Is Apple's new radio station a welcome addition?

The tech giant changed listening habits when it launched iTunes. Will Beats 1 have a similar effect, Gurjit Degun asks.

Is Apple's new radio station a welcome addition?

As Drake, one of hip-hop’s biggest stars, broadcasts his radio show on Beats 1, it is clear to see how heavily Apple is investing in its new venture. The tech giant has not only signed up Zane Lowe, the former BBC Radio 1 DJ, for a primetime weekday slot but also secured the services of global stars such as Pharrell Williams, Sir Elton John and Dr Dre.

Apple’s live radio station was widely praised on social media after first hitting the airwaves last month. The nascent offering is "dedicated entirely to music and music culture" and will be broadcast to more than 100 countries.

Beats 1 is part of Apple Music, the new streaming service that is free to use for the first three months and costs $9.99 per month thereafter.

When the platform launch­ed, Eddy Cue, the senior-vice president of internet software and services at Apple, said: "All the ways people love enjoying music come together in one app – a revolutionary streaming service, live worldwide radio and an exciting way for fans to connect with artists."

By its own trendsetting standards, Apple is pretty late to the party. Spotify, for one, has been going since 2008 and, with an increasing number of internet-based rivals such as Tidal popping up, Apple could have its work cut out entering such a saturated market.

And then there are the established radio stations all over the world with which Beats 1 will need to compete. Ben Cooper, the BBC Radio 1 and BBC Radio 1Xtra controller, welcomes the new challenge. At the Cannes Lions last month, he admitted that the station’s audience could follow Lowe but added that he is "not scared".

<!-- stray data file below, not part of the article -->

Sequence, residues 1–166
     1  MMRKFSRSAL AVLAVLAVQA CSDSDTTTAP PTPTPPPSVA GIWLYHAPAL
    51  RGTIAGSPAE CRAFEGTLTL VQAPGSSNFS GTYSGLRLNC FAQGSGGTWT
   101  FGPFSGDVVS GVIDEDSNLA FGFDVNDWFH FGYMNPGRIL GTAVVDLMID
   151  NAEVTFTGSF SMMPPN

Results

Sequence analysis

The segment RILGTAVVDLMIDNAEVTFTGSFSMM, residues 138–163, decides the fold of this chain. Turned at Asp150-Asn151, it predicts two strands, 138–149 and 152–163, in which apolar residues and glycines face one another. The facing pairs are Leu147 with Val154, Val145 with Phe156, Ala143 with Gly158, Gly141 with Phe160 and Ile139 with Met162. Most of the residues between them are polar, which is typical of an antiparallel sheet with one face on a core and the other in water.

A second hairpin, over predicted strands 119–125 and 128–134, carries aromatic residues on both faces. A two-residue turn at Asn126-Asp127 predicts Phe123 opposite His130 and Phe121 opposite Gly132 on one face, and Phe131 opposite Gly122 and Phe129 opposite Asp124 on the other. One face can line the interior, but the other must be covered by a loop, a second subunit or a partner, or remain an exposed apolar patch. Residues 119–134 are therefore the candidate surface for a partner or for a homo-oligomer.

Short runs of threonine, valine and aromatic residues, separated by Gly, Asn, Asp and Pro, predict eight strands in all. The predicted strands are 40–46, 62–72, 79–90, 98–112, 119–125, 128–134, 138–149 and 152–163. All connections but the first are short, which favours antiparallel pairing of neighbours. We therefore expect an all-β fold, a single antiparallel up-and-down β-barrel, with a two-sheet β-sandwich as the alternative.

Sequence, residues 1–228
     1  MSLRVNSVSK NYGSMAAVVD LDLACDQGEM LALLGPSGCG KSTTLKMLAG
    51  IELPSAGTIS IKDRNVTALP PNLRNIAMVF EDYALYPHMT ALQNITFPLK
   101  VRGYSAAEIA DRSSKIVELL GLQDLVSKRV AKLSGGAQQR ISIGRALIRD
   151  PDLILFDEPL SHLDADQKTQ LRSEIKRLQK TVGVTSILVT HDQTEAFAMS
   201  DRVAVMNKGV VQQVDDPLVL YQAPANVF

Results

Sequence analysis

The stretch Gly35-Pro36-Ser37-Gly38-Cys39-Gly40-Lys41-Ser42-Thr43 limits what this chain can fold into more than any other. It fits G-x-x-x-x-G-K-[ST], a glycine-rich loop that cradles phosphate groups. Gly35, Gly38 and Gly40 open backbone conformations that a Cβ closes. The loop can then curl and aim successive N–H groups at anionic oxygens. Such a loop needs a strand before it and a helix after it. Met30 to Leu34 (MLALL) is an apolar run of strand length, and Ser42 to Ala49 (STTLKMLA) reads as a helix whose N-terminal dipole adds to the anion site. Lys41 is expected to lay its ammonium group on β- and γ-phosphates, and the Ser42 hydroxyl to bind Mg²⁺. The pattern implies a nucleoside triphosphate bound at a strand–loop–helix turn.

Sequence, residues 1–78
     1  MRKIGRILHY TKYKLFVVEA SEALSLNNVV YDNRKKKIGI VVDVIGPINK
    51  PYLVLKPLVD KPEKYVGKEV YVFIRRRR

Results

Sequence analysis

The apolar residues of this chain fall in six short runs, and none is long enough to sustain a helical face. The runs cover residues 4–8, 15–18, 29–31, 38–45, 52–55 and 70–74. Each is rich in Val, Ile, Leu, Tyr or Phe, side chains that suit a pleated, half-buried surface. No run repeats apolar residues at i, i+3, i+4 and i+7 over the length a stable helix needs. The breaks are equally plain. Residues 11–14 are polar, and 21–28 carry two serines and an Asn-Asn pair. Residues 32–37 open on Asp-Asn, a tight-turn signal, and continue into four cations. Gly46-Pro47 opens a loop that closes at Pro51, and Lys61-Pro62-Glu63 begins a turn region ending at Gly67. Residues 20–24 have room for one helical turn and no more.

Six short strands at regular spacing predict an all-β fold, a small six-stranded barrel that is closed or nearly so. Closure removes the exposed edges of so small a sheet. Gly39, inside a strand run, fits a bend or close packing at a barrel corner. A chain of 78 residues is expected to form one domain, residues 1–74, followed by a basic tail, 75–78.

Cooper believes that Apple will have trouble targeting global audiences because they are too fragmented. Cooper told delegates at the festival that Radio 1 will always have a connection with listeners as the majority are based in the UK, which helps to "bond the community".

It is early days for Beats 1 but, as Ian Stevens, the head of audiovisual at MEC, explains, with a player the size of Apple on the scene, such streaming services are "even more so on the forefront of the minds of consumers and advertisers".

YES Sarah Sutton, joint head of strategy, Mindshare UK

"Given its huge reach, Apple radio is uniquely positioned to bring shared content experiences to a large, affluent, initially influential and engaged audience. The real test, of course, is what happens to its audience once the free trial expires."

YES Geoff Taylor, chief executive, BPI

"There’s little doubt that Beats 1 will provide an exciting and inspirational window on new music for fans who want to ‘lean back’ or engage in a more direct way. We also love the promise of tailored programming from the UK."

YES Michael Williamson, head of audiovisual planning, Carat

"Radio has evolved into ‘audio’ with the likes of Apple, Spotify and Dax offering alternatives for listeners and advertisers. Newcomers are creating a larger overall audio audience, increased engagement and targeting opportunities."

NO Darin Brown, chief executive, EMEA, Possible

"It’s exciting to see the internet flatten but, when I think of Apple radio, I yawn. The launch feels late, arrogant and then awkward (following Taylor Swift’s scolding). It also felt massively dull. I expected more from Apple."

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